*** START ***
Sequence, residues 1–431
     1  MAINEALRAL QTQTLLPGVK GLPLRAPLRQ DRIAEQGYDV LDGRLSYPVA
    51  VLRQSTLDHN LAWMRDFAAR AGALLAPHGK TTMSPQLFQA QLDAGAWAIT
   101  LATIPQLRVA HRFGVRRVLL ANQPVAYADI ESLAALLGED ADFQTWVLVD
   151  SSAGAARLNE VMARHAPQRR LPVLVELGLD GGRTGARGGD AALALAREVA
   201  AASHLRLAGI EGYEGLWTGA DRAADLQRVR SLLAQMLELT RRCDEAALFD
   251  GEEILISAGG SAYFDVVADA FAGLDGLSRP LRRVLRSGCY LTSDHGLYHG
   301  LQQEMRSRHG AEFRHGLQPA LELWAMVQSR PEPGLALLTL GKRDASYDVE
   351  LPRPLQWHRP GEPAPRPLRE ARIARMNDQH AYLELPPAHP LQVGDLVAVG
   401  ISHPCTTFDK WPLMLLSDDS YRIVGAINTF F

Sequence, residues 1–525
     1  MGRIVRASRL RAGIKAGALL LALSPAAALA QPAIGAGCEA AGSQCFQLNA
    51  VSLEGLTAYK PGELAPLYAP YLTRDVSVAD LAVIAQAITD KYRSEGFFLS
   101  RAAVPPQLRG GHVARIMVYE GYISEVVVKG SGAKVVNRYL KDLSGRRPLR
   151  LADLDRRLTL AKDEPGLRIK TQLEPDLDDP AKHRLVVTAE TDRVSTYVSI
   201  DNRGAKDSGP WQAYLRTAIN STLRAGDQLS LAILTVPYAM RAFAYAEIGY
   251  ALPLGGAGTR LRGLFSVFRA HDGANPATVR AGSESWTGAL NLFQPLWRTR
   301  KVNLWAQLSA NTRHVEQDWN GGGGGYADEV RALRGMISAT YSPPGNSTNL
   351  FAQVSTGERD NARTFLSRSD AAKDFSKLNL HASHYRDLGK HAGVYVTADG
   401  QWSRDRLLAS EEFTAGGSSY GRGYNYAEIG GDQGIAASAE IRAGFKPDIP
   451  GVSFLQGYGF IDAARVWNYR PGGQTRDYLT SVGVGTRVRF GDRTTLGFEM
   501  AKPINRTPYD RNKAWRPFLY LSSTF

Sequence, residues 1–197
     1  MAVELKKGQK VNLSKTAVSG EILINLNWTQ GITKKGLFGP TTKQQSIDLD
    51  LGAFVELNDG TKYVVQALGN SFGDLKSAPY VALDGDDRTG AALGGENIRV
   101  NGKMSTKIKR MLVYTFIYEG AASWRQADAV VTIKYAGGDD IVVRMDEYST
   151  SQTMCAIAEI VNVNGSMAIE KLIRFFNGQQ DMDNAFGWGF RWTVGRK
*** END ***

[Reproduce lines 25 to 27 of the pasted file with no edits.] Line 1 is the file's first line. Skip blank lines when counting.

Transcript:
    51  LGAFVELNDG TKYVVQALGN SFGDLKSAPY VALDGDDRTG AALGGENIRV
   101  NGKMSTKIKR MLVYTFIYEG AASWRQADAV VTIKYAGGDD IVVRMDEYST
   151  SQTMCAIAEI VNVNGSMAIE KLIRFFNGQQ DMDNAFGWGF RWTVGRK